Japan, long considered a smokers' paradise, is planning to raise tobacco tax from next October in a bid to repair its tattered public finances, officials said Tuesday.

The cabinet approved a proposal by a government panel to hike the duty by 3.5 yen (3.8 US cents) a cigarette.

The move would increase the price of each cigarette by about five yen, of which about 1.5 yen would go to cigarette makers and retailers. It would add 100 yen to the price of a pack of 20 cigarettes now selling for 300 yen.

The hike would puts heavy-smoking Japan closer in line with other developed countries, which nearly all impose heftier taxes on cigarettes and more tightly restrict public smoking.

The announcement provoked dismay in Japan's tobacco industry, with former state-owned monopoly Japan Tobacco (JT) describing it as "regrettable."

"Declines in the smoking rate and contraction of the tobacco market have already been accelerating in Japan, due to a declining and ageing population, repeated tax hikes and the introduction of increasingly stringent regulations," the company said in a statement.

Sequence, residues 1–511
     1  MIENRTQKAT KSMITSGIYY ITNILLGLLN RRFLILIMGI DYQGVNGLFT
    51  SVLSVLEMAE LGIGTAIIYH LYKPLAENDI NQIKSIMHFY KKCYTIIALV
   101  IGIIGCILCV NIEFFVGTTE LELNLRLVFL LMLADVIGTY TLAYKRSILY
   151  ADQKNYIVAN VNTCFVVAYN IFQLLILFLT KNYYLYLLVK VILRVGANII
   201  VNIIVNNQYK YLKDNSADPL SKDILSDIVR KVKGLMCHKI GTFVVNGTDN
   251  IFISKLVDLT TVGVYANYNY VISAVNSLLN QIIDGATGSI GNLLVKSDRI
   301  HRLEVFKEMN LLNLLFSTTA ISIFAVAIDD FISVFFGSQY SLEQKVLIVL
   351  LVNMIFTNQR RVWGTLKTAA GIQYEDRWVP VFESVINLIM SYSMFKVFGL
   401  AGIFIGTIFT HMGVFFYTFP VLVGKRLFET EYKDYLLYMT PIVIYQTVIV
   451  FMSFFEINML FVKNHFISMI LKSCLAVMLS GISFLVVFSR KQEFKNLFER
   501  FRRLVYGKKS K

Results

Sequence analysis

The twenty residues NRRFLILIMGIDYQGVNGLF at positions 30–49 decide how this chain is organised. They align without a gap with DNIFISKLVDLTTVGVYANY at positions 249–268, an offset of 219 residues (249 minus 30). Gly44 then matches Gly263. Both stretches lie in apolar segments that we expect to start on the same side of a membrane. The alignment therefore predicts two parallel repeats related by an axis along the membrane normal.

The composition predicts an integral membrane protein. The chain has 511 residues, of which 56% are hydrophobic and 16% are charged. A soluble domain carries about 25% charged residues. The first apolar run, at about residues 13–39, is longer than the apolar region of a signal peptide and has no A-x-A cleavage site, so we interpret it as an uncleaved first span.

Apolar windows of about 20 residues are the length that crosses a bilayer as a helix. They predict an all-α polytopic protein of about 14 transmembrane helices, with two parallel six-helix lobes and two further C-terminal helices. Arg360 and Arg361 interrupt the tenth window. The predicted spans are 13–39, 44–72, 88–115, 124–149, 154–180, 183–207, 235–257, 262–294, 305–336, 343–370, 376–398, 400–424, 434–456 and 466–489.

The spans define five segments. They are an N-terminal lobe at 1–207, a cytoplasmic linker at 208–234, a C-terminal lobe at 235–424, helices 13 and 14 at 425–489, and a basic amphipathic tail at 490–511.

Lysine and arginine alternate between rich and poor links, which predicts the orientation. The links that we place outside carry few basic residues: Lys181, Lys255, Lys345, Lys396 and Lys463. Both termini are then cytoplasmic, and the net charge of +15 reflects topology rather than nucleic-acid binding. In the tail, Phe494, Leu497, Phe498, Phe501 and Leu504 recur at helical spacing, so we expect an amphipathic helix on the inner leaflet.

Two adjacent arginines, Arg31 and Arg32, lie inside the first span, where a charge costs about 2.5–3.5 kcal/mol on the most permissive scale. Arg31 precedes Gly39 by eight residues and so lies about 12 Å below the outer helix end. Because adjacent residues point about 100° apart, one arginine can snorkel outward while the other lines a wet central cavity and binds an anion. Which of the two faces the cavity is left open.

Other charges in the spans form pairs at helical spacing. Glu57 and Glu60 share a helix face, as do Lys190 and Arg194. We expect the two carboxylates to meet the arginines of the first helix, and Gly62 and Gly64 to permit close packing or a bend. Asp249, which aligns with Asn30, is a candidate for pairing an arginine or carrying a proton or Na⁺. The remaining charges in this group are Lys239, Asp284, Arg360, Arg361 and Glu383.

"The effects of such an unprecedented excise increase on consumers and the industry in this difficult environment is immeasurable."

The tax panel said the tax hike was also desirable for a public health viewpoint.

Official anti-smoking policies have reduced smoking rates in Japan, but many campaigners say much remains to be done to stamp out the cancer-causing habit.

Japan's smoking rate is on the decline but still higher than in other developed countries, with some 40 percent of men and 13 percent of women lighting up, according to industry figures.

Smoking is still commonplace in Japan's bars and restaurants, unlike in most other developed countries. But streets, trains and railway platforms are becoming increasingly smoke-free.

The decision to raise the tobacco tax comes as Japan's three-month-old government struggles to keep a lid on the country's mounting public debts.

The Organisation for Economic Cooperation and Development has warned that Japan's public debt is set to soar to more than 200 percent of gross domestic product by 2011.